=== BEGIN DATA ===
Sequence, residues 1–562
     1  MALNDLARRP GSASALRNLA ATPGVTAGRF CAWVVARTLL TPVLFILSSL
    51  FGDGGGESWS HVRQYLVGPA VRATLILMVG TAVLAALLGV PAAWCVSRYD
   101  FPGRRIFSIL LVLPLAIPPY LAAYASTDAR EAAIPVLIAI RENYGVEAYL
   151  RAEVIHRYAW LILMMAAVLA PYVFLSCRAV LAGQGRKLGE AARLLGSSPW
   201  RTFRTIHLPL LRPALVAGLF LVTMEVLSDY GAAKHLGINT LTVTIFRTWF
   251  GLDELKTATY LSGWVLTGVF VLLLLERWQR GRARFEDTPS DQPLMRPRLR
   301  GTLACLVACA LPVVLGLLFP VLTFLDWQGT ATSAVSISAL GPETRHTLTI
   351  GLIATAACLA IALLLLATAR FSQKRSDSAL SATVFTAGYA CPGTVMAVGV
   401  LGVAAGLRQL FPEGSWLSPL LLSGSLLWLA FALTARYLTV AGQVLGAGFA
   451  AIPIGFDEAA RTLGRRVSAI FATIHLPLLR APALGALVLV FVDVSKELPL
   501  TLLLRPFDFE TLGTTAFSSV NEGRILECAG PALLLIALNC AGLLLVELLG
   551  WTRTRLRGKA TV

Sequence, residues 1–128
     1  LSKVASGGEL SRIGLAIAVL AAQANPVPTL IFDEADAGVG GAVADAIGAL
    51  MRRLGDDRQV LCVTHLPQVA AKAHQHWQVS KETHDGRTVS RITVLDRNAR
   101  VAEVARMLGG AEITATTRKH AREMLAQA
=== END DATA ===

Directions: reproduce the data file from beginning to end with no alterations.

Sequence, residues 1–562
     1  MALNDLARRP GSASALRNLA ATPGVTAGRF CAWVVARTLL TPVLFILSSL
    51  FGDGGGESWS HVRQYLVGPA VRATLILMVG TAVLAALLGV PAAWCVSRYD
   101  FPGRRIFSIL LVLPLAIPPY LAAYASTDAR EAAIPVLIAI RENYGVEAYL
   151  RAEVIHRYAW LILMMAAVLA PYVFLSCRAV LAGQGRKLGE AARLLGSSPW
   201  RTFRTIHLPL LRPALVAGLF LVTMEVLSDY GAAKHLGINT LTVTIFRTWF
   251  GLDELKTATY LSGWVLTGVF VLLLLERWQR GRARFEDTPS DQPLMRPRLR
   301  GTLACLVACA LPVVLGLLFP VLTFLDWQGT ATSAVSISAL GPETRHTLTI
   351  GLIATAACLA IALLLLATAR FSQKRSDSAL SATVFTAGYA CPGTVMAVGV
   401  LGVAAGLRQL FPEGSWLSPL LLSGSLLWLA FALTARYLTV AGQVLGAGFA
   451  AIPIGFDEAA RTLGRRVSAI FATIHLPLLR APALGALVLV FVDVSKELPL
   501  TLLLRPFDFE TLGTTAFSSV NEGRILECAG PALLLIALNC AGLLLVELLG
   551  WTRTRLRGKA TV

Sequence, residues 1–128
     1  LSKVASGGEL SRIGLAIAVL AAQANPVPTL IFDEADAGVG GAVADAIGAL
    51  MRRLGDDRQV LCVTHLPQVA AKAHQHWQVS KETHDGRTVS RITVLDRNAR
   101  VAEVARMLGG AEITATTRKH AREMLAQA